“[Whether] it's a long-term play for these companies, or they want to move quicker, we're encouraging them to get on the journey now.”

Rebecca agrees.

“The flood is coming and people can feel it,” she says. “I think what people are taking away is how they can be actively engaged in growing down carbon, regenerating soil, creating dense food. … [When] people get this information, it changes their lives, and it puts them on the new path.”

As part of their work, the Tickells also are doing what they can to convince the federal legislators crafting the next Farm Bill to incorporate more money for regenerative efforts. The U.S. Department of Agriculture already has allotted $20 billion for such work, though Josh and Rebecca say that too much of that has gone to chemical manufacturers that claim to protect soil health. In the bill’s next iteration, the Tickells hope to see more provisions for companies that agree not to use chemicals, and to fund land access, cover crops and education around regenerative agriculture. Everything to do with the Farm Bill, which undergoes a reshaping about every five years, “is critical,” Josh says.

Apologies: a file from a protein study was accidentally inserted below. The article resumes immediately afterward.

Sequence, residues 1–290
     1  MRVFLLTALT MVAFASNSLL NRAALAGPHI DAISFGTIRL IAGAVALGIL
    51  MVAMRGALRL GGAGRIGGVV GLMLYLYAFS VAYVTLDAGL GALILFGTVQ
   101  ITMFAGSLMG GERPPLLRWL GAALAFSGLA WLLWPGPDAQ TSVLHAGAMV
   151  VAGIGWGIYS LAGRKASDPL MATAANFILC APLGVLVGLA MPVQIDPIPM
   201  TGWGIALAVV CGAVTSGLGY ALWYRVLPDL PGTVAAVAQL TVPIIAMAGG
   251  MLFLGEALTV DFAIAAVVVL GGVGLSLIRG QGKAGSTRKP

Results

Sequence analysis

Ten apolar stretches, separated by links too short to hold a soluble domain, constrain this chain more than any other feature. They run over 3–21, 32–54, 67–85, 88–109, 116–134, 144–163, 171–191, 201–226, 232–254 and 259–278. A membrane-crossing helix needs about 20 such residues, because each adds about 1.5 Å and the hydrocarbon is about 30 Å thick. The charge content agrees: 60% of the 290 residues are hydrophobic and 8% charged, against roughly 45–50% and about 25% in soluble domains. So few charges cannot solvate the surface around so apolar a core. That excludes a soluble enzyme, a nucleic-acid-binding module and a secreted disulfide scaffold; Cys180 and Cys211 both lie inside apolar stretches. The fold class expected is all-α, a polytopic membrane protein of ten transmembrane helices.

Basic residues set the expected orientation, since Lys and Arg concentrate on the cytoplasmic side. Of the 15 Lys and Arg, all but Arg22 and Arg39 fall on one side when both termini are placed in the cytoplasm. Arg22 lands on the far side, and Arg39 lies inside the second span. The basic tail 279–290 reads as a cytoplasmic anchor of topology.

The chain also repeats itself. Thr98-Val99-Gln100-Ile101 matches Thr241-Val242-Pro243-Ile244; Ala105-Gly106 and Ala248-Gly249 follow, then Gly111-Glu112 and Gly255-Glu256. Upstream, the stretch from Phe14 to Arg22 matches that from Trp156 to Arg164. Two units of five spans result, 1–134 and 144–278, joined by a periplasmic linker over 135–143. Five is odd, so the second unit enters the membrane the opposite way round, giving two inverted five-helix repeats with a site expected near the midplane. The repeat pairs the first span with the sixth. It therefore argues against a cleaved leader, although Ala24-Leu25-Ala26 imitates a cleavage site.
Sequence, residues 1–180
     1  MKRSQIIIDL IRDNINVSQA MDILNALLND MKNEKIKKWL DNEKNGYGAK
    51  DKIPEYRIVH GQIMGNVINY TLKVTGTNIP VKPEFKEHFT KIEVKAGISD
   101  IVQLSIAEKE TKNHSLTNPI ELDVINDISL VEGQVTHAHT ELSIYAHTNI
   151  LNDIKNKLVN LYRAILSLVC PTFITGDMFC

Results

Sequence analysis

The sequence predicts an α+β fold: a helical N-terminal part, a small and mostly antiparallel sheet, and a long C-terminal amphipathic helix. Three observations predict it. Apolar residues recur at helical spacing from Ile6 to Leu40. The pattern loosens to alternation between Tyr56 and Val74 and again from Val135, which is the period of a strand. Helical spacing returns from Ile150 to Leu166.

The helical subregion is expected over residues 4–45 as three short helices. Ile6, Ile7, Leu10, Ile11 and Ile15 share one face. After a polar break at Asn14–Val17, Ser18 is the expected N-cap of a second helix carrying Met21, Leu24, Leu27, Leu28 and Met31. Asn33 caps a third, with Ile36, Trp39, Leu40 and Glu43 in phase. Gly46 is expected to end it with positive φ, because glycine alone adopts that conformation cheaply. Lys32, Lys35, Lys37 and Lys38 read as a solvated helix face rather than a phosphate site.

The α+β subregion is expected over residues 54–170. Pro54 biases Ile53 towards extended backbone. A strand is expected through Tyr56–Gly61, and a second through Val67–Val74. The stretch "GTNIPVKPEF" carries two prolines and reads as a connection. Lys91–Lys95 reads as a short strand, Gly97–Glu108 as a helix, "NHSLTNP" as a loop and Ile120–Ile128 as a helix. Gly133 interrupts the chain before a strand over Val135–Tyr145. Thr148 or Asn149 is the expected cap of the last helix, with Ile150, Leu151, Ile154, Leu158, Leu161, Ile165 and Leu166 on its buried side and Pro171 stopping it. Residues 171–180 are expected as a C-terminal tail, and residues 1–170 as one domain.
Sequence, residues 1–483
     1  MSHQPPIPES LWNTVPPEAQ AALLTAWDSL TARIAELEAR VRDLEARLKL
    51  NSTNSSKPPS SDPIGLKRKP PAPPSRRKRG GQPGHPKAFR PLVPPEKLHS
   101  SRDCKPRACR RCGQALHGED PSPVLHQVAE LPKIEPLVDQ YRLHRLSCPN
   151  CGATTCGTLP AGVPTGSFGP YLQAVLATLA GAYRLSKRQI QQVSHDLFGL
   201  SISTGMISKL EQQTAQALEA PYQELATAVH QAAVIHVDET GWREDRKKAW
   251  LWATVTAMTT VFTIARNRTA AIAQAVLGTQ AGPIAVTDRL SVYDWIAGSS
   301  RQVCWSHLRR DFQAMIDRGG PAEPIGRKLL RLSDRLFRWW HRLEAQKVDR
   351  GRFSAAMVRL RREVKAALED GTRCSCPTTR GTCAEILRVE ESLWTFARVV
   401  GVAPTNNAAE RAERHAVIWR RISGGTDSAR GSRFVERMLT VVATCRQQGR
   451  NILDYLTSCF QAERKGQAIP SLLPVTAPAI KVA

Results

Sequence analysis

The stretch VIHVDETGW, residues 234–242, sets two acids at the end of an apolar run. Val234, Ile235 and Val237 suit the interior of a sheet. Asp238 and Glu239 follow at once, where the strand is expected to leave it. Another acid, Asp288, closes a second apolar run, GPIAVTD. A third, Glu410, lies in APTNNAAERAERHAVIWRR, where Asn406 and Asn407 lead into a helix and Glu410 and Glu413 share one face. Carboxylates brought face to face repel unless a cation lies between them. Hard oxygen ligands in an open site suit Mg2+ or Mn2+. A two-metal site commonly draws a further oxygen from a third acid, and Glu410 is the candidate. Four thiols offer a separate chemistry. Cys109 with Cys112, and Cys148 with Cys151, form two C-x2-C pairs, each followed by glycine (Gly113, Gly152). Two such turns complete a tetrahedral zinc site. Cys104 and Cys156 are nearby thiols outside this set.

“It determines how we think about SNAP and food stamps and food programs,” he says. “It actually determines food security for everyone. Right now farmers are getting four cents on the dollar. That is a food-insecure and food-brittle country. And we need to change it across the board at the township, county, state and federal level. The way we create food security in America is by practicing regenerative agriculture, and giving the farmers back the majority of the dollar.”

Everyday People: The Real ‘Power of This Movement’

Lasting regenerative agricultural change, however, starts with the consumer, Josh says—not with government, not with brands, but with everyday people.

“If the movement itself is a source of people regenerating their own health and the health of their families, then this will spread naturally,” he says.

“That’s the power of this movement,” Rebecca adds.

And, for Expo West CPG attendees, in particular, “what we're talking about is a real integrity, the way that we create products that helps regenerate soil,” she says. “There’s a lot of green-washing out there. We have to build the trust of people who are buying products … So, if someone’s going to use the word ‘regenerative,’ it better be [about] building soil. This is a this is a delicate moment as we make this transition into a whole new food system. And people have to really bring the honor, reverence and integrity to it that is required for us to make this transition.”

“Common Ground” is in theaters now, with plans to stream later this year. In addition to highlighting Brown, the documentary features narration from environmentally minded celebrities including Jason Momoa, Donald Glover, Laura Dern and Woody Harrelson.

About the Author(s)

Kelly Teal

Kelly Teal has more than 20 years' experience as a journalist, editor and analyst in industries including technology and health care. She serves as principal of Kreativ Energy LLC. Follow her on LinkedIn at /kellyteal/